It's often not that simple, Glasheen argues. The comptroller has been inconsistent in determining who gets paid and who doesn't, and Glasheen says he's seen clients' compensation forms rejected, requiring Glasheen to compel the Texas Supreme Court to make the state pay.
Getting Phillips to pay may prove trickier. Judge Ken Molberg has yet to rule on a motion filed by Glasheen to freeze Phillips' newfound assets, some of which Phillips already spent buying and restoring a house. At a hearing last year, Molberg said he wasn't sure Glasheen had shown him enough to keep Phillips from spending the money. But he did make a comment that hinted at how he feels about how the case has been characterized.
"These people did do something that increased this man's recovery to a significant extent," Molberg began. "And it's kind of odd to me that that is not recognized and it's all this white-knight stuff over here and all the black hats over here, if you get my drift. Now, whether or not they can ever recover to the extent or whether or not it was excessive or unconscionable is a different question.
"But ... basically the testimony coming to me today is that ... Mr. Glasheen was useless and worthless, and I'm not buying that, because he wasn't."
The judge's is a sentiment not uncommon, especially in the tight-knit community of exonerees. Even among those who are now suing him, their emotions conflict.
"They love Kevin Glasheen," former client James Giles says of his exonerated brethren. "I love him too. But I ain't gonna take no chance that he gonna give me no money if I don't file a lawsuit."
"I thank God for what Kevin and them did," adds James Waller, a former client who isn't currently suing Glasheen. "But like I say, we need to make things right and keep it right."
Steven Phillips sits with his thin, bare legs crossed in the kitchen of a Carrollton house just off the interstate. It's a hot August afternoon. His straw panama is shoved down on his head, and he peers from beneath it through a pair of thick wire-frame eyeglasses that amplify his bright green eyes.
Around him are the kinds of men he knows well — addicted, broken, paroled. He bought this house with the compensation money he got from the state. It serves as a halfway house and spiritual center for men on their second, third, even their fourth chances. In the beginning, instead of paying rent, the men slept on the unfinished floors and restored the place, laying new tile, refinishing the walls, making the place livable again. Phillips liked the metaphor. They restored the house and, while they were at it, they restored that part of them they lost in prison or to drugs.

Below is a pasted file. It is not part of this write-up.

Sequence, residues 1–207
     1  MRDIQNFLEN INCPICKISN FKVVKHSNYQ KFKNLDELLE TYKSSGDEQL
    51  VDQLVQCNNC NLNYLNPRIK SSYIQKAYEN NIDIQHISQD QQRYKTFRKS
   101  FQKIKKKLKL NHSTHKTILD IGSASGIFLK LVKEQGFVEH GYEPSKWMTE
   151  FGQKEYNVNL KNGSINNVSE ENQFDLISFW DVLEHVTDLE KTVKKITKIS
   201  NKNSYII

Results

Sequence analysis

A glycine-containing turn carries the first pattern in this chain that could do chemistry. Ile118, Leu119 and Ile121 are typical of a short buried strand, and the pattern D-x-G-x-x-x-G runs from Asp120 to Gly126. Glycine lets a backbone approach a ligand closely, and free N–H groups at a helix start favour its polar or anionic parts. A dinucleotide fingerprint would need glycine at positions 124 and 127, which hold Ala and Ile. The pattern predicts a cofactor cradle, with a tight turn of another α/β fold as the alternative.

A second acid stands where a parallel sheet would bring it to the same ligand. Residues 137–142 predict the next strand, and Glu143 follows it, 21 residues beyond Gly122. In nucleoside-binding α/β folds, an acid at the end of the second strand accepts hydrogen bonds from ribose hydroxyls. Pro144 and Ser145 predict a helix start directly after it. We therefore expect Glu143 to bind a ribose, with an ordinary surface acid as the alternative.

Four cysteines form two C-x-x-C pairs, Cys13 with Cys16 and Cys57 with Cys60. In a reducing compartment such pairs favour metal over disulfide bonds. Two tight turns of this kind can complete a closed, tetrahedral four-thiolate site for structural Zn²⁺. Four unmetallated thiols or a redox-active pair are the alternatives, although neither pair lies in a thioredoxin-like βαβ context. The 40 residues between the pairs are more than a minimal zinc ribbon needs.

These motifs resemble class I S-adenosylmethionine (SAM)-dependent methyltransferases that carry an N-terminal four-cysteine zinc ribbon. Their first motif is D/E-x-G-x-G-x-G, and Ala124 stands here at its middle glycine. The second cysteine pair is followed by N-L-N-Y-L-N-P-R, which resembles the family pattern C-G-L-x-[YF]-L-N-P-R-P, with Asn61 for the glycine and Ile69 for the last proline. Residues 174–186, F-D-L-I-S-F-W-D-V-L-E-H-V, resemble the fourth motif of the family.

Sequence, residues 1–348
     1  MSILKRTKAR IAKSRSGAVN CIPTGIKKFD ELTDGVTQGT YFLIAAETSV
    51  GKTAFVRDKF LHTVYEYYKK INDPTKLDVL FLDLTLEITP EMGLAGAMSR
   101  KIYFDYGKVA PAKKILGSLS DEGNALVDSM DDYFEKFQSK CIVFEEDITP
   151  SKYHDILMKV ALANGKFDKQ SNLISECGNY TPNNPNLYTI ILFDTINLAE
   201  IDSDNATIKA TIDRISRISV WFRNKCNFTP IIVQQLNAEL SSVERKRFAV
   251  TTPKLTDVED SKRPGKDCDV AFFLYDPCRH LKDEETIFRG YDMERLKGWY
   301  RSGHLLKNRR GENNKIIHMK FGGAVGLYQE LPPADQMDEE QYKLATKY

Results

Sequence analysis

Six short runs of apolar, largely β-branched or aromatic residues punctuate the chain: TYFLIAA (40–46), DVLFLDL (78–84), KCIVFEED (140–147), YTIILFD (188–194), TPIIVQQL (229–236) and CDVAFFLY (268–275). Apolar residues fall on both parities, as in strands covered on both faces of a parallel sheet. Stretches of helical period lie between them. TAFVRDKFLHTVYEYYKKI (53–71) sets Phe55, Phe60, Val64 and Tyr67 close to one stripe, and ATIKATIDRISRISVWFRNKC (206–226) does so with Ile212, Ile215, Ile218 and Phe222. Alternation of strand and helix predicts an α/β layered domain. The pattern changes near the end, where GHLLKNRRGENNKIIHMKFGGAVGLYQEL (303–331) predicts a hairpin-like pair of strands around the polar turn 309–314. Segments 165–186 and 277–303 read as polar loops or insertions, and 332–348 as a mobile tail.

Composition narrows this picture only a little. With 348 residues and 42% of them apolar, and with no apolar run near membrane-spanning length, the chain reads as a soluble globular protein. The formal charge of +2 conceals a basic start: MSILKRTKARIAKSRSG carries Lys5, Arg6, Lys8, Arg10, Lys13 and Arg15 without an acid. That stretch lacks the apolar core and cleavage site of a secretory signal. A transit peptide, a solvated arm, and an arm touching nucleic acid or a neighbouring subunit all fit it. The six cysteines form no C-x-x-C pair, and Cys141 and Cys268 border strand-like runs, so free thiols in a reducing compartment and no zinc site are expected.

"I don't know if they can learn anything from me," he says. "I just show up and not be a bad example. There's something to say for showin' up."
He's trying to be an example for Charles, 24, whom he's taken into his home as a son, along with Charles' pregnant girlfriend and child. Charles spent time in juvenile lock-up for aggravated robbery. He's the same age now that Phillips was when he went to prison.
Frank, a stocky guy with a neatly trimmed goatee, is on probation now, facing at least five years in prison — which would be his third trip — if he gets violated.
J.D., a new tenant, has only been out a couple of months after doing a long bid for prison-gang related stabbings. He belonged to the Texas Mafia, and would have beefed with Frank in prison. Now they're on the same softball team.
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As they talk prison life, J.D. mentions that he served his sentence out at Coffield Unit. Phillips snatches his straw hat off of his head and looks at J.D., eyes wide through his eyeglasses.
The men laugh for a moment, and then Phillips grows serious. "We don't hold any of that against you here."
He knows that here, in the company of men whose past lives are a litany of mistakes, no white knights will be found. Or, for that matter, are there bad guys in black hats.